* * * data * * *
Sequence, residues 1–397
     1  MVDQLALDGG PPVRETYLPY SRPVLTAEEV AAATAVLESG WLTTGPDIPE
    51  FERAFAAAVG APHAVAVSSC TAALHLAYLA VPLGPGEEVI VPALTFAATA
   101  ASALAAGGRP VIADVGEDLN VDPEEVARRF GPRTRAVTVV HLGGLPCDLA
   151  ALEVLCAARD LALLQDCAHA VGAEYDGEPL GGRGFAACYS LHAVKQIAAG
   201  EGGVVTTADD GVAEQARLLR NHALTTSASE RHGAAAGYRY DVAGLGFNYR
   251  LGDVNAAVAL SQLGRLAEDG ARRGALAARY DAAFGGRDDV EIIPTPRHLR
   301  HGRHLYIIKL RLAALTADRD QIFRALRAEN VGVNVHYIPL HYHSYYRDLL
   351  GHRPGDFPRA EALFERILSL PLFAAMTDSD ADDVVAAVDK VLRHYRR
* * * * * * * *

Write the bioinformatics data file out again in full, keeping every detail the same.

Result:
Sequence, residues 1–397
     1  MVDQLALDGG PPVRETYLPY SRPVLTAEEV AAATAVLESG WLTTGPDIPE
    51  FERAFAAAVG APHAVAVSSC TAALHLAYLA VPLGPGEEVI VPALTFAATA
   101  ASALAAGGRP VIADVGEDLN VDPEEVARRF GPRTRAVTVV HLGGLPCDLA
   151  ALEVLCAARD LALLQDCAHA VGAEYDGEPL GGRGFAACYS LHAVKQIAAG
   201  EGGVVTTADD GVAEQARLLR NHALTTSASE RHGAAAGYRY DVAGLGFNYR
   251  LGDVNAAVAL SQLGRLAEDG ARRGALAARY DAAFGGRDDV EIIPTPRHLR
   301  HGRHLYIIKL RLAALTADRD QIFRALRAEN VGVNVHYIPL HYHSYYRDLL
   351  GHRPGDFPRA EALFERILSL PLFAAMTDSD ADDVVAAVDK VLRHYRR